BUENOS AIRES (Reuters) - Argentina's lower house on Tuesday passed a government-backed bill to cut taxes on high-income earners, a move that would erase about one trillion pesos ($2.8 billion) from state coffers in 2023, according to official estimates.
The bill, which must now go through the Senate, passed with 135 votes in favor and 103 against.
If it were to become law, around 800,000 people would have their taxes slashed, according to government estimates, easing pressure on key voters who are suffering from the country's spiraling annual inflation rate, which hit 124.4% in August.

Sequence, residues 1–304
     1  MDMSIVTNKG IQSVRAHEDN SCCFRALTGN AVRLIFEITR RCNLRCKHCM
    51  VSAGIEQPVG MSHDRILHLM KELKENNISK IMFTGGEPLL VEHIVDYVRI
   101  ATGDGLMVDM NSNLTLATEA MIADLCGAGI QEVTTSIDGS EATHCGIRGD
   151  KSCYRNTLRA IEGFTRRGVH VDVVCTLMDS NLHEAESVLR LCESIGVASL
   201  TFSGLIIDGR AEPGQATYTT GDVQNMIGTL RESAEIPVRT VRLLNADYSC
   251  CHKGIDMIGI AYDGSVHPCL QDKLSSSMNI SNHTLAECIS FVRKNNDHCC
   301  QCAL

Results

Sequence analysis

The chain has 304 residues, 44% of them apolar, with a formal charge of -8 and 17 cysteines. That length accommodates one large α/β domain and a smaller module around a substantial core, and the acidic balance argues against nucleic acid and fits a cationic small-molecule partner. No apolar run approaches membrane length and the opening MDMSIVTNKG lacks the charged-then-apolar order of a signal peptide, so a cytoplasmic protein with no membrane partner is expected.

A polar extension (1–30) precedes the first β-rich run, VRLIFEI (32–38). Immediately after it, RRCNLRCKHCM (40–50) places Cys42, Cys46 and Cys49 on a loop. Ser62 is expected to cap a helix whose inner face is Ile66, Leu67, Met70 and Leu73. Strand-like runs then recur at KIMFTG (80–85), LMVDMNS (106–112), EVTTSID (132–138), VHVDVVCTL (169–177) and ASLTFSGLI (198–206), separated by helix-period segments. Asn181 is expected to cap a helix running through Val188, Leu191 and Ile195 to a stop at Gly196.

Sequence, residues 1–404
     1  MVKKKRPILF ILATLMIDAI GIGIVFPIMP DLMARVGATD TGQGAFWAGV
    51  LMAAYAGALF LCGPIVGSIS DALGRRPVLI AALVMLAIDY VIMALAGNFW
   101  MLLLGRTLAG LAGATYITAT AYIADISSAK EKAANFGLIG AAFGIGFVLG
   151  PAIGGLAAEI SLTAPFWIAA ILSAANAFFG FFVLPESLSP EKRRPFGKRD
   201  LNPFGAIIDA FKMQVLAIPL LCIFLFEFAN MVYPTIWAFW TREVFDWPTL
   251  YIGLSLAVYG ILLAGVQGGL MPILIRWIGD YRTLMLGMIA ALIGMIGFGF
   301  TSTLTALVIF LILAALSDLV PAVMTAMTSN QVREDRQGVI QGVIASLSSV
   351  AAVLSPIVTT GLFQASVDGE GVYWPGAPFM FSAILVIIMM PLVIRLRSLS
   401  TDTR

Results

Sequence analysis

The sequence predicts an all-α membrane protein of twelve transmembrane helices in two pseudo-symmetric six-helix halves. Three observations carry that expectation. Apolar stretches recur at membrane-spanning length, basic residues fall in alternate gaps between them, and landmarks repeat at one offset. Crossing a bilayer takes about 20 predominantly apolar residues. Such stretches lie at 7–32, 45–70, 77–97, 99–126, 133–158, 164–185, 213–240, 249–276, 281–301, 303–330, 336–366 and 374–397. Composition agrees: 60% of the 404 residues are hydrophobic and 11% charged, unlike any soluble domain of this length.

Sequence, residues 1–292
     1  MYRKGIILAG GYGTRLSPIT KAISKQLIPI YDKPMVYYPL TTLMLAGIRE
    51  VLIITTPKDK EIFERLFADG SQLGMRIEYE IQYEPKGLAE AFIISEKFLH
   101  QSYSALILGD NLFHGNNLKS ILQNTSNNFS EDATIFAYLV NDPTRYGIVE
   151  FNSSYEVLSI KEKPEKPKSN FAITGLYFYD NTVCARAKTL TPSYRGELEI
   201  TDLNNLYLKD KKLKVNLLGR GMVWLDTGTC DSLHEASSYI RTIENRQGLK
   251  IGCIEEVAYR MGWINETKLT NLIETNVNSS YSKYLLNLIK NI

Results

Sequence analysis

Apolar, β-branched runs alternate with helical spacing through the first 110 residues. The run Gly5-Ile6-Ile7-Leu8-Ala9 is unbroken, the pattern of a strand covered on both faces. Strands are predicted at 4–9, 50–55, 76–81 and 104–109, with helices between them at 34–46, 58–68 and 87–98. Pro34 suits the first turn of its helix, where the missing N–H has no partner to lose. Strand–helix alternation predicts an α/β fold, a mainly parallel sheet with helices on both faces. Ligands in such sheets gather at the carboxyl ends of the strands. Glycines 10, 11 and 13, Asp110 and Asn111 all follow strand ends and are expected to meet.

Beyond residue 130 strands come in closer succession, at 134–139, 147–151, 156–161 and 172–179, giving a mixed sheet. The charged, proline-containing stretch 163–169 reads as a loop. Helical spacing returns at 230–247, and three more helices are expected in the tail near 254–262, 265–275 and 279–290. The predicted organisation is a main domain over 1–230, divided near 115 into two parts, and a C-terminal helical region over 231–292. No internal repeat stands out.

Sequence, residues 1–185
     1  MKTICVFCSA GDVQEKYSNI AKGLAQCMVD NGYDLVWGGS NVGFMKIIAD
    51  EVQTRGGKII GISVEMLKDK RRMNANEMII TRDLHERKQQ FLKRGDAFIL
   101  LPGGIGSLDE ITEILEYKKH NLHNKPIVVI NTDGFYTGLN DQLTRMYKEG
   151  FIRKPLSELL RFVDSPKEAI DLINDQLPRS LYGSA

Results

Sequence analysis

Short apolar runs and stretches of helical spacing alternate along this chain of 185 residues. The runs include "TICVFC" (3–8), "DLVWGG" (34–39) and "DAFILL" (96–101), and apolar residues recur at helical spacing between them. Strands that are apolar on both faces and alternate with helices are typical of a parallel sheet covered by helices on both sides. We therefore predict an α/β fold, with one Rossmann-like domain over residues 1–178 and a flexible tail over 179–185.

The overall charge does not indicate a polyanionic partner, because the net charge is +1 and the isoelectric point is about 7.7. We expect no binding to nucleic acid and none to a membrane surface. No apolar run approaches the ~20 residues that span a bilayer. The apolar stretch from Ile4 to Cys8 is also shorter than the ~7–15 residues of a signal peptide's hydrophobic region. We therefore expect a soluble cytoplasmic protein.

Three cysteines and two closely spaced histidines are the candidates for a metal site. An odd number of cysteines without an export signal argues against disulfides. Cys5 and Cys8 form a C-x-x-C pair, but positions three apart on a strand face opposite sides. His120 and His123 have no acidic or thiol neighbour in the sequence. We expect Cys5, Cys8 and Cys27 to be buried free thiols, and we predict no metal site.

"Salaries are not profit," Economy Minister and presidential candidate Sergio Massa wrote on social media platform X following the vote.
Opposition lawmakers blasted the move, saying the proposed tax cut aims to benefit Massa's presidential run for the October election.
Far-right lawmaker Javier Milei, the candidate leading the polls for the upcoming vote, also supported the measure, but said its timing makes it political.
"They had four years to stop stealing from workers and they roll this out in the middle of a campaign," Milei said in Congress.
The South American nation is grappling with triple-digit annual inflation, with analysts polled by the central bank setting it at 169.3% at the end of the year.
(Reporting by Eliana Raszewski; Additional reporting by Juan Bustamante and Walter Bianchi; Writing by Valentine Hilaire; Editing by Sonali Paul)